Straight road sections with no horizontal curvatures are generally referred to as "tangents" because such straight road sections are generally tangent to any horizontal curves that they adjoin.
The key design parameters for horizontal curves include the following:
The safety effects of both radius and length of horizontal curves are addressed in CMFs developed in this current study. The safety effects of superelevation and transition design are outside the scope of the study because no data concerning these features were available at the time this study was conducted.
The fundamental design parameter for vertical alignment is the percent grade. A road section with constant percent grade, regardless of its horizontal alignment, is generally referred to as a straight grade. Where the grade of the roadway changes, the straight grade sections are normally joined by a parabolic vertical curve. Figure 1 illustrates the four types of vertical curves (two types of crest vertical curves and two types of sag vertical curves) that are used in highway design. Key design parameters for vertical curves include the following:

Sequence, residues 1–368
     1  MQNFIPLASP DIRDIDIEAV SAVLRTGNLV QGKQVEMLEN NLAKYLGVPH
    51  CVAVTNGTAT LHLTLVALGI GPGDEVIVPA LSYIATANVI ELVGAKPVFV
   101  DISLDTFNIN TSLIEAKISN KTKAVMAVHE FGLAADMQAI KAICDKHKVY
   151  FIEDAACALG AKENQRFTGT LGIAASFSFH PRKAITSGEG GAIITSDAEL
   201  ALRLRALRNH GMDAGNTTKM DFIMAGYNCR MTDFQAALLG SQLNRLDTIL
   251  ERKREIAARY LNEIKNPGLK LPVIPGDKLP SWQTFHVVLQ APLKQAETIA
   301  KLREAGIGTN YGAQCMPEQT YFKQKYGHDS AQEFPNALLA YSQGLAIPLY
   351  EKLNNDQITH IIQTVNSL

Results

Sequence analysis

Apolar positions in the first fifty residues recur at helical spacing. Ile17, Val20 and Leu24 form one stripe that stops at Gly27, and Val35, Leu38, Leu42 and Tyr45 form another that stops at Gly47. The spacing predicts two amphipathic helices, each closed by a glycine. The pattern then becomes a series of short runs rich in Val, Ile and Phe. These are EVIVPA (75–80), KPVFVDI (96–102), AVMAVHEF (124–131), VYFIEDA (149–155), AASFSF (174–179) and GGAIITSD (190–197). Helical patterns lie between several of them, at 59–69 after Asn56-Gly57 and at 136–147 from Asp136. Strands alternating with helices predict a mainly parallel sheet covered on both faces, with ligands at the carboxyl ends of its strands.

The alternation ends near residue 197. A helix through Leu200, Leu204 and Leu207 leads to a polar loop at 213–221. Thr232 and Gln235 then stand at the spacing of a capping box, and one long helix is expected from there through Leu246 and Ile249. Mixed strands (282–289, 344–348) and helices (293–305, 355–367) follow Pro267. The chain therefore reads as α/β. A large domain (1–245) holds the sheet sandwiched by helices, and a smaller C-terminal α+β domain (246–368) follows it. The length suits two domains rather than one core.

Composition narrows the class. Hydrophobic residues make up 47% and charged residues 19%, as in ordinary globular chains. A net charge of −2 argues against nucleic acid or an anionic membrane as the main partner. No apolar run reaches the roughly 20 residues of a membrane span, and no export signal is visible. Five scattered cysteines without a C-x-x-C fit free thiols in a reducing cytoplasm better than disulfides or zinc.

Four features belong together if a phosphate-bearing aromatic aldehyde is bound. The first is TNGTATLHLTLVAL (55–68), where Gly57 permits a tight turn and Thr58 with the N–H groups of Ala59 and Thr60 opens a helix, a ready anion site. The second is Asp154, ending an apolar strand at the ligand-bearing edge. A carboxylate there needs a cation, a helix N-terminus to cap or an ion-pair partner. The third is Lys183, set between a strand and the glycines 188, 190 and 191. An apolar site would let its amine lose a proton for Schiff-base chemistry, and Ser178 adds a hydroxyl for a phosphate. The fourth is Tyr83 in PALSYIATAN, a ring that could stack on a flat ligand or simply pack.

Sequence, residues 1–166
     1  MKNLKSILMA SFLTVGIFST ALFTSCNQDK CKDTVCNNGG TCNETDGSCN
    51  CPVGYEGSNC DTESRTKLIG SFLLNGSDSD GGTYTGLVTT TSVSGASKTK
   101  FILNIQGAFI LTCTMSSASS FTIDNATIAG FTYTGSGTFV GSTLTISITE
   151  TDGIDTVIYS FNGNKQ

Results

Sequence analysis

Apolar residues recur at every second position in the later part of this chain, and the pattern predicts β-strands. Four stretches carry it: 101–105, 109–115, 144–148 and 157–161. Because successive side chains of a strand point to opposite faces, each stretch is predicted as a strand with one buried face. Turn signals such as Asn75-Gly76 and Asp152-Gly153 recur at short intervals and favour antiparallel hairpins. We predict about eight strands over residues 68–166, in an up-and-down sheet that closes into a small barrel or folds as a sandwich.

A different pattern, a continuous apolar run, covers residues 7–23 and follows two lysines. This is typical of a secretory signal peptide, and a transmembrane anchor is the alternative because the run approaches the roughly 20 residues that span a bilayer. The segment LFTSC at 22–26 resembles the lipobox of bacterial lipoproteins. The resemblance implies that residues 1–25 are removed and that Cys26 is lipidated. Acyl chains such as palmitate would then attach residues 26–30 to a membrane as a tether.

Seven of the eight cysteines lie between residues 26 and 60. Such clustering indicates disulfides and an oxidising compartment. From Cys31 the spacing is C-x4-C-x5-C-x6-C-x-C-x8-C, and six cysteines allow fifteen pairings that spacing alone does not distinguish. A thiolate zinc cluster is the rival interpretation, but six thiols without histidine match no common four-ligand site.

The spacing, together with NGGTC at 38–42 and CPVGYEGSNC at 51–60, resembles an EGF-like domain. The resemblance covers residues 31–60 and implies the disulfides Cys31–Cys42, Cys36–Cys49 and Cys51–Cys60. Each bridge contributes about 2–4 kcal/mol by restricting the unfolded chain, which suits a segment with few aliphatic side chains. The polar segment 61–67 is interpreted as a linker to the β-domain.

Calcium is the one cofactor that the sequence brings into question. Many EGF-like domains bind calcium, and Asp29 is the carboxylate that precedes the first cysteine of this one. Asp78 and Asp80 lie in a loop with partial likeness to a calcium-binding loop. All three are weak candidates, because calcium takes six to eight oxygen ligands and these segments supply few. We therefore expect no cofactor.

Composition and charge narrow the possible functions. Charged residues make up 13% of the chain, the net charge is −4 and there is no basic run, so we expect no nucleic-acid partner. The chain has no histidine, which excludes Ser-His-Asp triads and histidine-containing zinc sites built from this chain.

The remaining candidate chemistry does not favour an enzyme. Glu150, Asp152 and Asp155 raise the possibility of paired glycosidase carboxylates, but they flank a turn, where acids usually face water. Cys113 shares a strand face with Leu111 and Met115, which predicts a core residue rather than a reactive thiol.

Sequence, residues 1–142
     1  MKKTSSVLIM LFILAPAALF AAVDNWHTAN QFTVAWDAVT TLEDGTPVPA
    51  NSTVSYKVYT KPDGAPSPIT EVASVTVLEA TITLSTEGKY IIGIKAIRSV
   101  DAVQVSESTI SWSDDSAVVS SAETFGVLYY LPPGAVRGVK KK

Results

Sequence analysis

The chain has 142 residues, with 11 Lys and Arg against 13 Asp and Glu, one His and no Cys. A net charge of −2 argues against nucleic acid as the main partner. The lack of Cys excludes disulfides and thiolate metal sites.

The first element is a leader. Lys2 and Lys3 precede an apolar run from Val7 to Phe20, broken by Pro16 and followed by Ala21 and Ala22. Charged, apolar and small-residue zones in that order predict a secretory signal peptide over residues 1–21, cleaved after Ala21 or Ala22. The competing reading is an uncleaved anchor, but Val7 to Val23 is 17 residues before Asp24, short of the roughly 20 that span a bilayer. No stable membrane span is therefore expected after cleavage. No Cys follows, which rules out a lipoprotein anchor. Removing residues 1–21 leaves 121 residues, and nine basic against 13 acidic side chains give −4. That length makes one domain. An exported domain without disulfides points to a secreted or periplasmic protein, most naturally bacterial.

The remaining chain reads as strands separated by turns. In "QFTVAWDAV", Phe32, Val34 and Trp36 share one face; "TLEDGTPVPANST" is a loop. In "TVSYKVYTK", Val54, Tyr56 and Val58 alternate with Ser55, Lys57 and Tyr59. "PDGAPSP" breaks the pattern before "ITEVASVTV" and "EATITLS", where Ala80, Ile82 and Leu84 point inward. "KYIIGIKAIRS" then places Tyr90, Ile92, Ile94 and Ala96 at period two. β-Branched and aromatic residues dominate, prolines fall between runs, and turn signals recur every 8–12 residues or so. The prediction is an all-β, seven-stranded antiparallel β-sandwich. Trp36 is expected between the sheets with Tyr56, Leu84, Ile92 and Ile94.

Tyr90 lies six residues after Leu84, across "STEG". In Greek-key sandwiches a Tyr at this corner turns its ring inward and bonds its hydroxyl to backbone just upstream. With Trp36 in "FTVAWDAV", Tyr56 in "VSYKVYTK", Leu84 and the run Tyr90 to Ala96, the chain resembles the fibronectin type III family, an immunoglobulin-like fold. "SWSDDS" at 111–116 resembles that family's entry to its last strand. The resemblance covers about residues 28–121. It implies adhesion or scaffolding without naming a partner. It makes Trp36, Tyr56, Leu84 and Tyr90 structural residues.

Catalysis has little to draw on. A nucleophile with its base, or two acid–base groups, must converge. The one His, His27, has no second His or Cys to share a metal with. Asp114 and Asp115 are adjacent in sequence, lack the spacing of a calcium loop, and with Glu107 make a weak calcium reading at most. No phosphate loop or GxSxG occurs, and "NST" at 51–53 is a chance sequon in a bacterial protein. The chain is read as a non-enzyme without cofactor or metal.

The safety effects of each of these design parameters for vertical alignment are addressed in CMFs developed in the current study.
Source: AASHTO. Used by permission.
Figure 1. Illustration. Types of vertical curves.^{(2)}
Research was undertaken to quantify the safety effects of horizontal and vertical alignment combinations and to present them as CMFs. The complete results of this research are documented in the full report, Safety Effects of Horizontal Curve and Grade Combinations on Rural TwoLane Highways.^{(3)}
The research was performed with the Highway Safety Information System (HSIS) data for State highways in Washington. This is the only data source that includes systemwide data on curve and grade geometry that can be linked to systemwide roadway characteristics, traffic volume data, and crash data. Several roadway types were considered, but only rural twolane highways in Washington had sufficient data for which modeling efforts appeared promising.